[To some degree, when working with a Kabbalistic concept of the Divine Infinite, any and all ideas like “wisdom”, “providence,” “good,” are limiting factors, attempts to work within a very specific, very human, framework. The Divine Infinite includes this framework, perhaps, but it is so much more than this framework, and thus it must, by definition, manifest as “chance,” as that which cannot be fit into the normal framework.]

 

Amalek as the Will to Power

Haman attempted a Nietzschean reach into the infinitude that precedes the Good/Evil binary by way of the casting lots. Thus there is a parallel “Haman of Holiness” (המן דקדושה), reaching beyond current structures and values of Judaism into the infinitude for the sake of innovation/renewal (חידוש). [All this so far is based on various writings of the Baal HaTanya.]

Eradicating Amalek is the ultimate realization of the subject-self of Israel [Rav Hutner]. This is very similar to the making ultimate of the self that Haman was negatively attempting. The difference is the subject’s position in regards to God. For Haman, the self essentially replaces God as Ultimate; With the eradication of Amalek, Israel remains humble before God, though the Haman of Holiness goes further than that.

[I’m not convinced the combination of Rav Hutner and the Baal HaTanya works as Rav Shagar clearly thought it did.]

 

The Mystery of Disguise

1.

Yaakov had to deceive Yitzchak because the only way to succeed in this world, the World of Falsehood (עלמא דשקרא), is through deception [Rav Tsadok]. Thus Yaakov disguised himself as Esav. However, Esav disguised himself as the Yaakov, the man of the bet midrash, by asking his father about halakhic minutia [Midrash Tanhuma]. Esav’s disguise is not a conscious one, however. He is not intentionally deceiving his father so much as being inauthentic to himself. When Yaakov disguises himself as Esav, he is knowingly embracing inauthentic religiosity, as participating in a shared religious discourse, in a shared set of rituals, in the only way to function and be understood in this world.

[This represents a turn from many of Rav Shagar’s other writings which have a strong emphasis on personal truth and authenticity. It suggests that this derashah may be from his later, more postmodern, thought. He seems to have become more caught up in and embraced the way we can never really succeed in becoming unreflective, always living in alienation from ourselves. But as these derashot are not dated, it’s hard to know definitively.]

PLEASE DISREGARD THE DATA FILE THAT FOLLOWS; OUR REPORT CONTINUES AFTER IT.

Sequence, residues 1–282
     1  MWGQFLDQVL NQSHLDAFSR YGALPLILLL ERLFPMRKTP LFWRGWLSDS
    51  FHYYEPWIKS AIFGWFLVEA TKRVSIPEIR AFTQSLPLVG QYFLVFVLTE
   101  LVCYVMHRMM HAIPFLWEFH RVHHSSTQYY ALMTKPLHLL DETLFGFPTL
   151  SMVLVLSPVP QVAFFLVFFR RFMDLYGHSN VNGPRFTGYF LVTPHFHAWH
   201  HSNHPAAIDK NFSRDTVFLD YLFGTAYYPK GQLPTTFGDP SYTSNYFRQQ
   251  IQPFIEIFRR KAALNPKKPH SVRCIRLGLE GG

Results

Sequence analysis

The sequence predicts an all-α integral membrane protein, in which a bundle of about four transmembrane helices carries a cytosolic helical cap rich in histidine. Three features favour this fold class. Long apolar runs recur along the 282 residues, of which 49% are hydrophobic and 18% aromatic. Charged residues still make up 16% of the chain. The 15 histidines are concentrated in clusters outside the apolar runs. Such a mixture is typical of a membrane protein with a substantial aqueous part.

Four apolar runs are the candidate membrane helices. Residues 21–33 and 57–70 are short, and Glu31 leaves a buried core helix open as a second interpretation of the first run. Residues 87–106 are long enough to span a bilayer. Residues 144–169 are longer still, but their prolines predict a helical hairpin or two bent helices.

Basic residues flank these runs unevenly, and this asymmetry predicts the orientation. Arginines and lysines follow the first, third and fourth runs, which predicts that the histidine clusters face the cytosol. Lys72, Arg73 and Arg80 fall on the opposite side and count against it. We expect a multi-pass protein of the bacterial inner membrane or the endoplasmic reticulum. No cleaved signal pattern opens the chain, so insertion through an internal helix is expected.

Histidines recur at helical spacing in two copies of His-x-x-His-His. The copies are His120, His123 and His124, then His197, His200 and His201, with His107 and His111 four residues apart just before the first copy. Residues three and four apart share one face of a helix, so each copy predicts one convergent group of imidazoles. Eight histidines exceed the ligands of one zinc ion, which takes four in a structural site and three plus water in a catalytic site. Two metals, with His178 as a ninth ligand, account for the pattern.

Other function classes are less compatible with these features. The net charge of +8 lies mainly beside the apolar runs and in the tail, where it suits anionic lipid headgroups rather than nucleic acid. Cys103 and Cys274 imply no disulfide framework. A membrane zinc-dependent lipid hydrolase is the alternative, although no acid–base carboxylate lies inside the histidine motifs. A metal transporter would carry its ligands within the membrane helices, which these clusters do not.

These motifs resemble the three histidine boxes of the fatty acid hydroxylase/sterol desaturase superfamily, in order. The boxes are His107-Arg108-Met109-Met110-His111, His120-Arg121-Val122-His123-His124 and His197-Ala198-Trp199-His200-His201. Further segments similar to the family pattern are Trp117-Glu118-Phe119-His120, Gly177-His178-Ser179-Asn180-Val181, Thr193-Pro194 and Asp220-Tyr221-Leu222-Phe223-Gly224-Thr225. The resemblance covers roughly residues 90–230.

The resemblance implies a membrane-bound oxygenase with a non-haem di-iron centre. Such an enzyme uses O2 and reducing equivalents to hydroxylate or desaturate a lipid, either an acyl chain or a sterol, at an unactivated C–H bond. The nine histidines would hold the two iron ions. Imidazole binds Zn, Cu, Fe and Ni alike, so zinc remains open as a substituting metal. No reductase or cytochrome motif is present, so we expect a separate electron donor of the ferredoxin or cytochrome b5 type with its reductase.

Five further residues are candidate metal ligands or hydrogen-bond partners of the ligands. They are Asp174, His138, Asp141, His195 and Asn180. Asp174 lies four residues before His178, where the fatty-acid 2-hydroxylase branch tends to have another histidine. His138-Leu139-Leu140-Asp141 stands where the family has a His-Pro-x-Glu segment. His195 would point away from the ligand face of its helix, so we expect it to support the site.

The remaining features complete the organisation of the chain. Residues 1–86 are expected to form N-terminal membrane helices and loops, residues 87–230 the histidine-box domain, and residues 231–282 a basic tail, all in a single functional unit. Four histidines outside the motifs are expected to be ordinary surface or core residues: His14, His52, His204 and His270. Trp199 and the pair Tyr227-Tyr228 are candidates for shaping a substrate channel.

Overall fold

2.

Drinking on Purim conveys the Divine abundance to the negative aspects of reality (סטרא אחרא), in an intentionally minor and unconscious way [Arizal]. It does this by connecting us to the a-logical Divine infinitude where Good/Bad is meaningless.

3.

Whereas Yom Kippur (יום הכיפורים) is an attempt to escape this world into the Infinite, Purim (פורים) is an attempt to live with the Infinite in this world. That’s why Purim is the holier day and Yom Kippur is only “like Purim” (כפורים).

4.

Bnei Yisrael are inherently finite, as are all things including the Torah, but the God will sustain Bnei Yisrael infinitely. That is why the lot fell on Adar,  which as the last month of the year signifies transience and finitude, which is why Haman thought he could destroy the Jews. Hence the only Purim and Yom Kippur, which point to finitude, will remain in the messianic era [Based on the Maharal]. All senses of Good/Evil, all rites and ritual structures are just constructs of a certain historical period. On Purim we live outside of history via carnivalesque drinking and behavior.

[The shared concept in all of these sections is that the world of our experience and cognition is a very limited construct, especially when held up against the Divine Infinite. Within that framework, everything necessarily functions according to rules and languages, systems of signifiers that do not apply beyond the realm of our experience and cognition. Living with an awareness of this is the experience of Yaakov Avinu as described in the first piece. The next two focus on Purim as time of somehow experiencing this unlimitedness within the bounds of our world. The last piece applies this idea to the realm of history, and says that the world of our experience, guided by the laws and languages of the Torah, only exists within certain historical bounds, beyond which it simply does not apply.]

 

They Accepted it Anew in the Days of Aḥashverosh